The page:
Thanks,
    Roscoe
     
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  12. PAR
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    PAR Yacht Designer/Builder

    Nope, you look to have a cruiser there, so the rig shouldn't be as highly taxed.
     
  13. davisr
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    davisr Junior Member

    PAR,

    Thanks for your advice that the Dwyer compression sleeve set-up is the better choice for my cruising-oriented boat. I look forward to spending the $200 I'll save on a more pressing matter - a new headsail.

    If you don't mind, though, I would really be interested in hearing your thoughts, as a yacht designer, on the benefits of the spreader bar set-up. I've looked in Don Casey, Nigel Calder, John Vigor, Brion Toss, and Daniel Spurr, and I've found no discussions of spreader bar benefits. Granted, these are not yacht design books. From a layman's standpoint I would think that the spreader bar would provide much more strength to the rig, but that's just my guess.

    Best regards,
    Roscoe
     
  14. PAR
    Joined: Nov 2003
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    PAR Yacht Designer/Builder

    The spreader bar is a compression post, designed to transmit loads through the mast, rather then to the mast. Yep, it's stronger and seen on higher preformance applications.
     

  15. Paul B

    Paul B Previous Member

    <removed potentially insulting comment>

    For example, a spreader bar is not a compression post and transfers the compressive loads of the spreaders to the mast wall the same way a welded base or a mechanically fastened base do.

    I think any of the commercially available spreader bases will work for your application.

    A welded-on spreader base is often seen by cruising folk as a "strong" attachment. However welding on the lug anneals the metal.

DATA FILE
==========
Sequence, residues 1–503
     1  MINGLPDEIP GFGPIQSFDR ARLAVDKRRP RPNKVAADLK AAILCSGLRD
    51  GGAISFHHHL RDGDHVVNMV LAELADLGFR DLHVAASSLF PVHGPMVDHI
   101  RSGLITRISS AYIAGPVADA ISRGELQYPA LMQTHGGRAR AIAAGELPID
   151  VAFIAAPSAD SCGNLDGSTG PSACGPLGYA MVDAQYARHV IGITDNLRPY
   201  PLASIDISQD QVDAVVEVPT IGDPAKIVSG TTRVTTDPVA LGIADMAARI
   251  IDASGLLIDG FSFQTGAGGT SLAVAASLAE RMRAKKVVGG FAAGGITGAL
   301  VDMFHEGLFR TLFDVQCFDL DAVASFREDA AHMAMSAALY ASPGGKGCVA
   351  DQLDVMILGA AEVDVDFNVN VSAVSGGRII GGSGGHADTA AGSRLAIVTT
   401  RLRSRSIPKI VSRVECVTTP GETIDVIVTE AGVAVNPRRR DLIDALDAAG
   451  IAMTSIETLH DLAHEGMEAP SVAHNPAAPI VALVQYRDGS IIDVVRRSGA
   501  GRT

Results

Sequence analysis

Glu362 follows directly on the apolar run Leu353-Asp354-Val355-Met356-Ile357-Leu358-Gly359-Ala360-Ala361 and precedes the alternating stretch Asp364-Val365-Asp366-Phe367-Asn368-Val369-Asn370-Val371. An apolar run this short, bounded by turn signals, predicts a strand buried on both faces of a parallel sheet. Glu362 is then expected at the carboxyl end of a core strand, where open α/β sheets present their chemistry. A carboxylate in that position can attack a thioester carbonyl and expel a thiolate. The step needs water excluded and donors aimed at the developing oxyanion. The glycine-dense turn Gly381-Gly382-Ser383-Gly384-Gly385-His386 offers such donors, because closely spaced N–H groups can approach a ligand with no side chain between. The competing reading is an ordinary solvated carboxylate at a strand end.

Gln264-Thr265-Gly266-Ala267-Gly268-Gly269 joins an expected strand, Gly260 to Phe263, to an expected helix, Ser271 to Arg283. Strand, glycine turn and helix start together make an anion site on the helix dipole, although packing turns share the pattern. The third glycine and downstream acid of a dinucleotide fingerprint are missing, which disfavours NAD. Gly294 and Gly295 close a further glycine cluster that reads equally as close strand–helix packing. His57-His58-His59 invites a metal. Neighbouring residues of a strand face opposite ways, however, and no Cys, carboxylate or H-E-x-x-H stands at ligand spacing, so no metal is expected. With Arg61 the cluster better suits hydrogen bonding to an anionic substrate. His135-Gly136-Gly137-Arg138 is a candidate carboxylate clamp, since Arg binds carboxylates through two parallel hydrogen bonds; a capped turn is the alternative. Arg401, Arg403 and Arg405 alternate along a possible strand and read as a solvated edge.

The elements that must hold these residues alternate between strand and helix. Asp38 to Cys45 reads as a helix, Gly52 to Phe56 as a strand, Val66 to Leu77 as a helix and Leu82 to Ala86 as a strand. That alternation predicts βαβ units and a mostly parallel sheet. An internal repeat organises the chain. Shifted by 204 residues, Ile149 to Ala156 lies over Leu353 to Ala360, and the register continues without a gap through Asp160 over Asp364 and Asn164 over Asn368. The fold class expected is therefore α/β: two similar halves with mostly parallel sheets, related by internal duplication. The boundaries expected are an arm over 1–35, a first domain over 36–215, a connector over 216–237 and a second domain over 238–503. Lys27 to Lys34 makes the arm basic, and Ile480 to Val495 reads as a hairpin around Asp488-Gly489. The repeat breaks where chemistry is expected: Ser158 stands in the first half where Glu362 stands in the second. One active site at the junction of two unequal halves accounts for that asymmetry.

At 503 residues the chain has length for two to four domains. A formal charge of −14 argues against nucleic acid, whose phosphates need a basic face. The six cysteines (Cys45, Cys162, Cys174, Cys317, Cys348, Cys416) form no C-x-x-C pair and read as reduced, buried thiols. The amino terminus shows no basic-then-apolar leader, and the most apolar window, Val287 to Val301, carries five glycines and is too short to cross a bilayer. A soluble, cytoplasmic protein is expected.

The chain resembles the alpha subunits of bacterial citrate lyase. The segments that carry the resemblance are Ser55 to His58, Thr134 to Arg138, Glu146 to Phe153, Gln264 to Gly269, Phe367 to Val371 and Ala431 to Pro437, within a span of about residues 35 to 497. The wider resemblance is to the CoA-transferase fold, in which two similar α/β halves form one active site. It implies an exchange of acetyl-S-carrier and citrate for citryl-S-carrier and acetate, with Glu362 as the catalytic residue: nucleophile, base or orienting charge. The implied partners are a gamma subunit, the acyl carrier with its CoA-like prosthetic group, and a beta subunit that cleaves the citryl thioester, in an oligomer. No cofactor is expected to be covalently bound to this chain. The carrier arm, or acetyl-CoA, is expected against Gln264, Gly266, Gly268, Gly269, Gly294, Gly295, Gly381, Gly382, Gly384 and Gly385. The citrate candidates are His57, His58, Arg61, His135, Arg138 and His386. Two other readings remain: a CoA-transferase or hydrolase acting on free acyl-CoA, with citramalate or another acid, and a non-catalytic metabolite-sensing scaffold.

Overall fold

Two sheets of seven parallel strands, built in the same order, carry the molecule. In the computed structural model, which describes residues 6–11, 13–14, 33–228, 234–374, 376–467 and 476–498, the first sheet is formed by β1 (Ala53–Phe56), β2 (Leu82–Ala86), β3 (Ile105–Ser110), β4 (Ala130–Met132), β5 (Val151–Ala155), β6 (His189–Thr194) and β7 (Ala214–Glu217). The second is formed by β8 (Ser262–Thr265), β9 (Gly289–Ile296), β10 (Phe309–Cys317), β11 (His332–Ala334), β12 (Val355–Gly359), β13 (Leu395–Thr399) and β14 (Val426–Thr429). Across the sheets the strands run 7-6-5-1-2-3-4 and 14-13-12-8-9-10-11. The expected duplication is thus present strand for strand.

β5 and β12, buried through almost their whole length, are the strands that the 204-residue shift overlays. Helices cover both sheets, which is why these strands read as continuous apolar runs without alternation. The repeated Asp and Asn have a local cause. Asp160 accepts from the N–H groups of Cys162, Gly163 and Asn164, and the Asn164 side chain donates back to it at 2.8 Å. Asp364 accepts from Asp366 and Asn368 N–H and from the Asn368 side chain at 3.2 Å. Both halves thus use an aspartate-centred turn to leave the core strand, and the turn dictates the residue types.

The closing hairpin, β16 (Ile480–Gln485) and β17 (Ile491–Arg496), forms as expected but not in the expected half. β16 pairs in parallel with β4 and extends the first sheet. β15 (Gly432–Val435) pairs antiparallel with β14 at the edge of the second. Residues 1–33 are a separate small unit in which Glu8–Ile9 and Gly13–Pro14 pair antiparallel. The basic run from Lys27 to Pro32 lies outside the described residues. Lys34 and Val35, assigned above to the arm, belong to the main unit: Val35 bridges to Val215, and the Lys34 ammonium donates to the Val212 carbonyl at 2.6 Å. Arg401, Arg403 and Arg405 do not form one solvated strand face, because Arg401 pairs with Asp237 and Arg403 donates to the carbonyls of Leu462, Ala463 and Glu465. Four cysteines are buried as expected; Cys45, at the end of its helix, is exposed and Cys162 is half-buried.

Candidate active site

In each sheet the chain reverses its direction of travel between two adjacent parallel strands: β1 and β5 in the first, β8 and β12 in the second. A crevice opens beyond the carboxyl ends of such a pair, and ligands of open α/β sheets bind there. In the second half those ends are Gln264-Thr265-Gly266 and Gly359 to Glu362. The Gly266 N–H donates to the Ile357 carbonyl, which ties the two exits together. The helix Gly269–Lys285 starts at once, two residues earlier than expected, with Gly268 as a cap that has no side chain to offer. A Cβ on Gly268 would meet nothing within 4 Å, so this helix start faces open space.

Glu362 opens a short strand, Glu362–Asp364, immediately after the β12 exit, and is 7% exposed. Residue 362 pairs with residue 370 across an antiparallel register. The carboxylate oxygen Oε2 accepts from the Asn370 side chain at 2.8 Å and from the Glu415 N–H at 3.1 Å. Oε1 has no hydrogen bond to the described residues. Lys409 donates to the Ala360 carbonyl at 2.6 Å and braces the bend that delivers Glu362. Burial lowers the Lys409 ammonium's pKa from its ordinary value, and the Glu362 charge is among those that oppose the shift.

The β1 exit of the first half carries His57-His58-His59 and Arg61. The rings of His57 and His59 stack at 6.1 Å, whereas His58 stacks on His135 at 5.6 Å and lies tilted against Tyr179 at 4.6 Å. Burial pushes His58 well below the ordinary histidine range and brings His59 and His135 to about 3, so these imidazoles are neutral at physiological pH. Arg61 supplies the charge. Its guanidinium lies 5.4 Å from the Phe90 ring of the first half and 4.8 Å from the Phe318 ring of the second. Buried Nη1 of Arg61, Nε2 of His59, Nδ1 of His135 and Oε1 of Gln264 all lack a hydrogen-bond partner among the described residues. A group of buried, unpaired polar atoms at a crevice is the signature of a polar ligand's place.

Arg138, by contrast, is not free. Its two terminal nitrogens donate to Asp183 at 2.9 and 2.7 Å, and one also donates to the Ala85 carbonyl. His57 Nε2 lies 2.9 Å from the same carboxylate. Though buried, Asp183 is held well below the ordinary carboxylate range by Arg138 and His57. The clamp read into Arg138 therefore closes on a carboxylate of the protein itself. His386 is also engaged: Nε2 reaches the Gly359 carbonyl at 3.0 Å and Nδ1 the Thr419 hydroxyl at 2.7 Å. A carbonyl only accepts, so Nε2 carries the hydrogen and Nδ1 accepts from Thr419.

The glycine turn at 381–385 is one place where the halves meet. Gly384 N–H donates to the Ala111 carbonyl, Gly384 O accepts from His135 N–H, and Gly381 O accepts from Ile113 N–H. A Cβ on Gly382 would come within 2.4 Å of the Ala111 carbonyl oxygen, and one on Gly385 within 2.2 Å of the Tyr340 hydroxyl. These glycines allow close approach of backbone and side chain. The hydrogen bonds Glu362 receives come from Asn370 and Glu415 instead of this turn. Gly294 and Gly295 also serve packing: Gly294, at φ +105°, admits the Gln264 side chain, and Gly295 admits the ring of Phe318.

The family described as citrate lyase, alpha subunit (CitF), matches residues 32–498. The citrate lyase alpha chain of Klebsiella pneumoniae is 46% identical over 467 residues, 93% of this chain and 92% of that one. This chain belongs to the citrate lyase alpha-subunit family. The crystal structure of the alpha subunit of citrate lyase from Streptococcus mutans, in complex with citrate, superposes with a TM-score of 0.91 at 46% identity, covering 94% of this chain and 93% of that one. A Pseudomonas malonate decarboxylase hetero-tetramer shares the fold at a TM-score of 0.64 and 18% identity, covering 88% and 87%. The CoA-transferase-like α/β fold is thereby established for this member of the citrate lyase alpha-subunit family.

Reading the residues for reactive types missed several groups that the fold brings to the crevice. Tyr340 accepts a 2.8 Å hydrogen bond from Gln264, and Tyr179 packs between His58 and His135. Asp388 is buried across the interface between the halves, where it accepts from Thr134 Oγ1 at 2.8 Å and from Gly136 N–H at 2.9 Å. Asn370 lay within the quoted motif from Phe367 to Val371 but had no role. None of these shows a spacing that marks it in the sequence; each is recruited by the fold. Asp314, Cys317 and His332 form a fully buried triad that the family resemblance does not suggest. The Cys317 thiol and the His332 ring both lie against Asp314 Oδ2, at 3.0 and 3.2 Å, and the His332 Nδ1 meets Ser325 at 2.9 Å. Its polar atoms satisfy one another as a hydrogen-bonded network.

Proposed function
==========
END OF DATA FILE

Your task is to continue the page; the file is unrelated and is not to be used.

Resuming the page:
A mechanically fastened base does not anneal the metal. It does add dissimilar metals and corrosion issues to the mix. For spreaders of the size we are discussing there are different weldments available. The Dwyer type looks to be the type where a lug slides inside the spreader. There is also the old Kenyon Etchells style, where the spreader sides into a socket. I think this is a stronger design. It is more expensive.

    The spreader bar is my favorite base for alloy rigs. It is a basic cantilever when you consider vertical loading and rotational loading on the rig. Depending on your mast wall thickness you might have to add a wall doubler, especially if you hang the shrouds off of the spreader bar (photo 1 below). If you have a modern tube and hang the shoud off the mast wall below the bar you will generally not need a doubler (photo 2 below). They can be a pain to assemble, depending on the amount of dihedral. Be sure your alloy bar has SS chafe bars fore and aft if you run wire halyards.

    For a refit like you are doing the mechanically fastened weldment is as good a choice as any.
     

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    Last edited by a moderator: Sep 29, 2011